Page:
Plan for the business that you want

Welcome to part 3 of 8 Things to Consider Before Starting your Business.

Parts 1 and Part 2  discussed marketing, startup costs, the lifestyle change and how to find out if there is a market for your product. We continue now with the last 4 things to consider before taking the leap into entrepreneurship.

5. Get some Legal Advice

LLCs, S-Corps, & C-Corps: We cover these various business entities in more detail in other articles but you should be familiar with each entity and the benefits and drawbacks of each one.

  • LLC: A limited liability corporation is one of the most common business entities created in the United States due to the protection that it offers. With an LLC, the members of the LLC are not held liable for any debts of the company. That means that in most cases, things like personal accounts, homes and personal assets are protected in case of bankruptcy. LLCs also allow “pass through” taxation that allows members of the LLC to claim profits on personal tax returns, thus avoiding double taxation by avoiding corporate taxes.
  • S-Corp: S-Corps, much like LLCs, offer liability protection to members and “pass through taxation” but also offers the ability to attract investors through the selling or promise of shares. The drawbacks are that membership requirements are more strict, only U.S. Residents and Citizens may apply for S-Corp designation, and S-Corps are capped at having no more than 100 shareholders. Additionally, S-Corp designation also comes with a little bit more scrutiny.
  • C-Corp: C-Corps are the bigger brother of S-Corps. They offer limited liability protection and the ability to attract shareholders, but there is no cap on shareholders and there is the ability to differentiate voting rights for shareholders. The drawback is that there is no pass through taxation and a C-Corporation is also a “victim” of corporate income tax.

Intellectual Property: Intellectual property rights allow individuals to copyright and benefit from the creation of their creation. This may seems like something for you to consider when your company is well under way, but it’s important to think about all the small things in your company that could be protected under IP rights. Things like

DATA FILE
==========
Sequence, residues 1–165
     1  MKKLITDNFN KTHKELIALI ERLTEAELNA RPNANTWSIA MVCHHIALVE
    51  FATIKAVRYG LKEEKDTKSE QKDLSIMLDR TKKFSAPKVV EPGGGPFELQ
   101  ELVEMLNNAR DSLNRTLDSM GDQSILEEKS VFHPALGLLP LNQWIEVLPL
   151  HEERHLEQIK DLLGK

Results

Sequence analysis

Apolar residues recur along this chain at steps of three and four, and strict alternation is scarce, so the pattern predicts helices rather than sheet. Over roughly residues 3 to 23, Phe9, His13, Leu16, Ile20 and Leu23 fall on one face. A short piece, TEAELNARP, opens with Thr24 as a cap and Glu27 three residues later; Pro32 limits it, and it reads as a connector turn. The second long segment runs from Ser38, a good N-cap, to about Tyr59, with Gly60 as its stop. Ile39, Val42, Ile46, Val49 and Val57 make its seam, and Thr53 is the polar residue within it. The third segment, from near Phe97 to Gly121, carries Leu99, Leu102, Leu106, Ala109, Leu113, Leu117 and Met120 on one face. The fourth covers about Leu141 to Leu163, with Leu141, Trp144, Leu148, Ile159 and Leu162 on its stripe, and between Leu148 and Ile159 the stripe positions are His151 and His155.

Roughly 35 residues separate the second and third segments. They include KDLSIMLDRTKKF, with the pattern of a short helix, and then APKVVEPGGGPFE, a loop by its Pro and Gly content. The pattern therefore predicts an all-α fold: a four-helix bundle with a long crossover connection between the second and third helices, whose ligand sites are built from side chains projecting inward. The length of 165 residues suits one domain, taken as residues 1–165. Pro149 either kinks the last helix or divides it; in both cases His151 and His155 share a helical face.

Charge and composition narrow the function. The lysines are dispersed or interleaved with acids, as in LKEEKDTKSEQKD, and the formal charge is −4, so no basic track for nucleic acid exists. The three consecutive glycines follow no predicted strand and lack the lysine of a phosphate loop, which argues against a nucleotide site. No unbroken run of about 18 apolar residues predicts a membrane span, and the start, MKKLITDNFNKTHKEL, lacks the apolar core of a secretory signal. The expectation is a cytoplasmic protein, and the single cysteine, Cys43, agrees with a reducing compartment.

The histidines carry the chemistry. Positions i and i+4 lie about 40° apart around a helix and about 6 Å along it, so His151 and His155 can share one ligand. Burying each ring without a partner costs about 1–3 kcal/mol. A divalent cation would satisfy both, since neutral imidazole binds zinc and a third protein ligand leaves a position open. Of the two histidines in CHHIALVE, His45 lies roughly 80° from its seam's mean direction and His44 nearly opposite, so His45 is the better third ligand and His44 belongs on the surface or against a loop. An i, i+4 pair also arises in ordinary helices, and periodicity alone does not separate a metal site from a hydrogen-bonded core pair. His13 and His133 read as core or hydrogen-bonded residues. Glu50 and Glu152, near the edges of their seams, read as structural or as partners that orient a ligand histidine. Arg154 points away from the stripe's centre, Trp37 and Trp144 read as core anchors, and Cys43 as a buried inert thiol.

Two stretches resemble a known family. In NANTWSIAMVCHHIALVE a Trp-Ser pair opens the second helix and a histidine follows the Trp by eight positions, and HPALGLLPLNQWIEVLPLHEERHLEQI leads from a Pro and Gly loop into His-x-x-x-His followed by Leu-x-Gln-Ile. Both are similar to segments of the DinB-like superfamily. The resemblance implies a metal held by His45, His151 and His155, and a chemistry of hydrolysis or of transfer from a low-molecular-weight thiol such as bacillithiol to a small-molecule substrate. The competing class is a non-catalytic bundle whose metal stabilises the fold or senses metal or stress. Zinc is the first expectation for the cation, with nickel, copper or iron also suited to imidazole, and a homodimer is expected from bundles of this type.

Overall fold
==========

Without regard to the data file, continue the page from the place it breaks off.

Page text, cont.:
• Contracts
  • Ideas that were formed by team-members for the benefit of your business
  • Tools and resources created to aid team-members

It’s best to discuss things with a lawyer to see what can be protected. If a team-member leaves for a rival business, wouldn’t you sleep better knowing that the ideas they developed are going to stay with your business?

6. Surround Yourself with the Right People

In a CB Insight’s study of 232 company post-mortems, the number 3 reason why companies say they fail is because they didn’t have the right team. When starting out a business and seeking out a partner, you shouldn’t be selecting your business partner out of convenience, but on what they can bring to the company. Forming the right team is sometimes more important than the initial product or service you offer. There is  chance that your company’s business plan may pivot more than once, so having a team that can adapt to your company’s needs are important. You may be a first time CEO, but that doesn’t mean that your team members or partners need to be as well.